Compensation for various undergraduate and graduate program administrators has been inadequate for many years; the proposed collective agreement does not solve these problems and in many respects makes the situation worse. First, the proposal does not offer course releases for small undergraduate program administrators, despite the significant work required to do these jobs well and to maintain the academic stability of such programs. Further, the proposal removes the previous guarantee of release time for Area Coordinators in LAPS and in Mathematics and Statistics. Second, the proposal sets the course release for many graduate program directors at 1.0, despite the fact that these positions have for many years come with a 1.5 course release. Third, the elimination of the term “minimum” before “course release” will create more difficulties for programs and faculty who in the past have successfully negotiated for course releases above and beyond the minimum. Fourth, the proposal to count only “majors” in determining the size of undergraduate programs discounts the substantial work required to administer minor and certificate programs.
With respect to graduate program administration, the reduction of course releases for graduate program directors follows a huge increase in the number of graduate students admitted to the university at a time when their academic and financial prospects are particularly grim. Graduate students need extensive advising to prepare them to compete successfully for funding, university resources and teaching positions. The graduate program director plays an indispensable role in directing these processes, conveying institutional knowledge to program participants, and creating a sustainable intellectual and institutional environment for students and faculty involved in them. Reducing course releases for GPDs diminishes the intellectual, institutional and social environment of graduate work at York. It will lead to impoverishment in the oversight of graduate research and supervision, and risks reducing the quality of students seeking admission to FGS at York.
In addition, the reduction of teaching releases for medium and small graduate programs exacerbates the inequality of teaching loads. When faculty – many of whom have a a 2.5 (or higher) teaching load – are asked to take on the extra administrative work of graduate program director, it has been common practice to recognize that this service comes at the cost of energies that may be directed toward other collegial activities, such as teaching and research. Given that there is no expectation that we can or should (or want to) reduce our research activities (and the move toward discretionary PTR indicates that we would be punished if we do), this additional time must be accommodated by a commensurate reduction in our teaching load. To fail to recognize that we are not infinitely elastic in our time commitments is to undervalue our labour as teachers, researchers and administrators. This is an unacceptable burden that cannot be reasonably accommodated by those of us with already high teaching loads.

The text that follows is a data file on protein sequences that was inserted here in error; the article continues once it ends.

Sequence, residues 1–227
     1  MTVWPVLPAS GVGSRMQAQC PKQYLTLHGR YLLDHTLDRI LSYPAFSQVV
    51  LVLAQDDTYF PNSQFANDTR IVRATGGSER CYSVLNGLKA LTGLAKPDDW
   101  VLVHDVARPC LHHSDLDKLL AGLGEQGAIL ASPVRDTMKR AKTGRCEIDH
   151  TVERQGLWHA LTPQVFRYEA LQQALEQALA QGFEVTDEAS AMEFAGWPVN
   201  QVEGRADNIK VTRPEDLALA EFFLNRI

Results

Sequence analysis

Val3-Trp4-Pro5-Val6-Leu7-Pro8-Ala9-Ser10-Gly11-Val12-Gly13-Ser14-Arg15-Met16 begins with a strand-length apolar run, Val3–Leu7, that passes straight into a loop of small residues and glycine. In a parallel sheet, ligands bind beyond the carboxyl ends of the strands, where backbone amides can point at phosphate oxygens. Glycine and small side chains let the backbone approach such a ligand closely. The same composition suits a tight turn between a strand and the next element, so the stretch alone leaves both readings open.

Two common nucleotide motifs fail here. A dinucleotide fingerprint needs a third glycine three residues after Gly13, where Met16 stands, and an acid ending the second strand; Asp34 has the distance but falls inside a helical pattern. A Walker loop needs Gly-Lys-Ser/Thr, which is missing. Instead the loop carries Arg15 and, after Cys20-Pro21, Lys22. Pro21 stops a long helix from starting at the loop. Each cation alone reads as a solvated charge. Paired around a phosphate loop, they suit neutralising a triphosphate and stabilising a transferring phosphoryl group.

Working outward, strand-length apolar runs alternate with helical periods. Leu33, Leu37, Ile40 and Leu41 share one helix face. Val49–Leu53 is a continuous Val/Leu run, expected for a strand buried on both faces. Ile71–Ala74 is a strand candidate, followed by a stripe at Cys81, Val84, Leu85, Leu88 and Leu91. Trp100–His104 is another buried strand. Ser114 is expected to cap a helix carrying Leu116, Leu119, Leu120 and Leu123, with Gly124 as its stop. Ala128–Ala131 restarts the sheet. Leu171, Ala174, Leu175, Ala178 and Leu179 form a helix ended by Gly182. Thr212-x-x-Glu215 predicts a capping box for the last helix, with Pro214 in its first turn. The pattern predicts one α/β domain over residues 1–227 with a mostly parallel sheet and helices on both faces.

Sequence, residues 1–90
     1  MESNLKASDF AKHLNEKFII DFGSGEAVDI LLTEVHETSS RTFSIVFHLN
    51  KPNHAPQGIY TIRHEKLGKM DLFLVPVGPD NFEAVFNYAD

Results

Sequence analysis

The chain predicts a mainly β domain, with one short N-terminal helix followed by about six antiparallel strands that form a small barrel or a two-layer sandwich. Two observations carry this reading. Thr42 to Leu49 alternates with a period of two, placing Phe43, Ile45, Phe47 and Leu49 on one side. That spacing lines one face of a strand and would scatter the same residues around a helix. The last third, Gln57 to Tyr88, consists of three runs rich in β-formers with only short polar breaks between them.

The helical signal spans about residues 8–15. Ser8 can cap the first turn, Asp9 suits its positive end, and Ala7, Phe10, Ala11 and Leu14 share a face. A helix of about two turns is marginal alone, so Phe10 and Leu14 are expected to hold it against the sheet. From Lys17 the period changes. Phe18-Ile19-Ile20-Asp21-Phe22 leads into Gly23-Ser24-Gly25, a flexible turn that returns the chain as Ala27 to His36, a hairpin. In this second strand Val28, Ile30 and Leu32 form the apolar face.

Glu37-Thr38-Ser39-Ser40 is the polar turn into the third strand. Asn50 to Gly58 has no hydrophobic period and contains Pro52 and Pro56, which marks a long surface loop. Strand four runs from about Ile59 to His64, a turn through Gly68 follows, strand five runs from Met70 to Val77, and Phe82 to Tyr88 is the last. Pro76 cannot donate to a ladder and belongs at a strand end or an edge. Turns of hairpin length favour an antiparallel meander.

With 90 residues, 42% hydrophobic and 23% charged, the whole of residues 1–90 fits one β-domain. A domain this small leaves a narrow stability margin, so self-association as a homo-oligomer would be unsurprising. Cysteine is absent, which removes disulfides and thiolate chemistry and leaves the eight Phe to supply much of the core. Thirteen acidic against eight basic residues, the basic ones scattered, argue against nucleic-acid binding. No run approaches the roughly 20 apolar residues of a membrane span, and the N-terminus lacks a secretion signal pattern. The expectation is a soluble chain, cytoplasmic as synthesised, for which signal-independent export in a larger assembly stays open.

The tentative agreement also significantly reduces (by one-third) the teaching release provided for Directors of Organized Research Units. This represents a major reallocation of time resources away from the collegial and interdisciplinary research environments provided by centres and institutes at York. This reduction of Directors’ mandates will undermine the support provided to researchers across the campus, diminish the ability of directors to develop and lead large research initiatives, and erode or alter the institutional infrastructure that supports York’s interdisciplinary research culture.
6. Special Renewable Contract Appointments (SRCs) – Article 12.32
The SRC positions were negotiated by YUFA in 1998 and were implemented in the early 2000s with the specific mandate to take long-term, full-teaching-load contract faculty through to retirement. Renewals were not to be unreasonably denied. The overall goal was some justice, in terms of job security and improved conditions of workload and pay, for long term CUPE members with a minimum of 15 years of service. There are fewer than 40 left at York; some of these have retired as SRCs, some will retire as SRCs, but for some the term of the SRC will run out before they are entitled to their full York pensions and Canada pensions. Abandoning this tiny minority of YUFA colleagues in this last stage of their careers is petty and mean spirited.
The main thrust of SRC proposals in our Primary Negotiation Position was to rectify their pension situation, and to keep the initial promise of the SRC program, by extending the SRCs’ terms until all reached full pensionable status. Neither this accommodation nor any reasonable alternative appears in the proposed CA.